The truth is that pro-immigration types don't expect Western society to remain essentially unchanged by the mass influx of people from foreign lands. On the contrary, they expect and hope that it will be radically and irrevocably altered. They have a visceral dislike of our culture and the people who find it amenable, and want to see them suffer. They want to introduce so many alien influences that the centre cannot hold and the whole thing comes crashing down. From the ruins they imagine a society will rise run for and by people like them.

These wreckers are ably assisted by useful idiots who've ingested the idea that any criticism of immigration is racist - the recourse of prejudiced proles and bourgeois bigots - and think that flying the flag for immigrants makes them better people. Because they don't rub shoulders with migrants (except for the educated, assimilated kind) or compete with them for work, they can blithely ignore their effects on the wider community and lecture the rest of us on the virtues of tolerance and diversity.

It’s tempting to avoid the immigration issue in the belief that it’s something bad people obsess over; but it’s not an understatement to say that it will determine the fate of the Western world. It’s more important than ever, then, that those who wish ill upon us don’t get to fast-forward past the questions that matter.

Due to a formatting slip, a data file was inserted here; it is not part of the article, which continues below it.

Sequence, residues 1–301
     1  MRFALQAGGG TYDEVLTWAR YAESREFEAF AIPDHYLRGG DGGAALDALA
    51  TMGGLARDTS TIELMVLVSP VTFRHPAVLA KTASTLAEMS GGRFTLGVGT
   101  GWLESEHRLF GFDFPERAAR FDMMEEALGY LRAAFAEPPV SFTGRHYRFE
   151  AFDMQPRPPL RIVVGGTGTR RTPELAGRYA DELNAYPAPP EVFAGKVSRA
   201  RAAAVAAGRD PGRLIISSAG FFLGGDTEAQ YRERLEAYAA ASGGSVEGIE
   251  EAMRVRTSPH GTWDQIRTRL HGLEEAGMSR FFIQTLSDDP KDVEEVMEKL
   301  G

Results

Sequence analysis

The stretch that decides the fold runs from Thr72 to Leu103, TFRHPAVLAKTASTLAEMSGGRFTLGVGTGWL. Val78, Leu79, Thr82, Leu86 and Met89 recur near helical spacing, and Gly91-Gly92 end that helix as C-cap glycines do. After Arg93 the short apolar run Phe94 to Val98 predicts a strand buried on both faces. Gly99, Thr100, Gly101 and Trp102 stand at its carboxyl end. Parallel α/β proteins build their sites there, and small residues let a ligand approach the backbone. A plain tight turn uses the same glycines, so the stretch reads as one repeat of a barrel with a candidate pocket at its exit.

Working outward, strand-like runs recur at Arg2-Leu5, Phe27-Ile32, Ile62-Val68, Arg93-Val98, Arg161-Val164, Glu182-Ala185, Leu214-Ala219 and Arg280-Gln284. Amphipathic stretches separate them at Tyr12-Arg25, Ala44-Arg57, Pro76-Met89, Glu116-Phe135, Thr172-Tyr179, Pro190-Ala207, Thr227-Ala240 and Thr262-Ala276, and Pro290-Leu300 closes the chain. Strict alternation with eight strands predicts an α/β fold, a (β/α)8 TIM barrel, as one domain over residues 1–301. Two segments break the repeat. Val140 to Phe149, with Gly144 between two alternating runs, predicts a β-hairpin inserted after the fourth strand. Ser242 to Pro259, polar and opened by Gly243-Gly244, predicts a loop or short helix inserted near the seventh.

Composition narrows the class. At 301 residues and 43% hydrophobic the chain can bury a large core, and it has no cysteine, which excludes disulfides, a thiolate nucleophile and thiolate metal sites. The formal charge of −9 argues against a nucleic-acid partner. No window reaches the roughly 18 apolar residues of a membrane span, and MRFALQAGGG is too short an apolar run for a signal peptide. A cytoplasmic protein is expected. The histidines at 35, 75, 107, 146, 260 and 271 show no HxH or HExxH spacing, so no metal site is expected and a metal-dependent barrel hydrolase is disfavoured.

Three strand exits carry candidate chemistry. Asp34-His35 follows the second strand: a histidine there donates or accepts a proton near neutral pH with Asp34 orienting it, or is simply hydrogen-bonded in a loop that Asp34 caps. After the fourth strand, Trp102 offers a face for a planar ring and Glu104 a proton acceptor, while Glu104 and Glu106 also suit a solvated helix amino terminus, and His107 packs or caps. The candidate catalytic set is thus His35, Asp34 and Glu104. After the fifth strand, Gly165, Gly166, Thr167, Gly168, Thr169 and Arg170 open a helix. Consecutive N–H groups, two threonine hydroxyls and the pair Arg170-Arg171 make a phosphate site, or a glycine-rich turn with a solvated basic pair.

Friday, 17 November 2017

Bash away at the subversive Christmas ads

Oh Jesus, as if it matters. Who cares whether TV Christmas commercials feature Muslims, gays, transsexual cripples, rutting donkeys, or anything else for that matter? No one’s trying to insult Christians, upset conservatives or ruin all the yuletide fun. Get over it. Move on.

Social media has been full of this kind of thing since the big stores launched their festive ads, featuring images seemingly designed to infuriate the reactionary bigots of the progressive imagination. And yes, it’s ridiculous that such a trifling matter should provoke so much outrage, but it’s also hard to avoid the suspicion that this is precisely the point.

When you insert your agenda somewhere conspicuous yet trivial, any objection to it looks unavoidably petty. Even non-ideologues will spring to the defence of your propaganda rather than side with fulminating racists. One sneaky attack follows another, and eventually civilisation suffers death by a thousand cuts.

Admittedly, Christmas ads aren’t the ground on which I’d choose to make a stand against the progressive tide, but I didn't pick this fight. If this is how it has to go down, so be it. Allow me, then, to explain for the benefit of the eye-rolling liberals sighing “big deal” why these ads are ‘problematic’.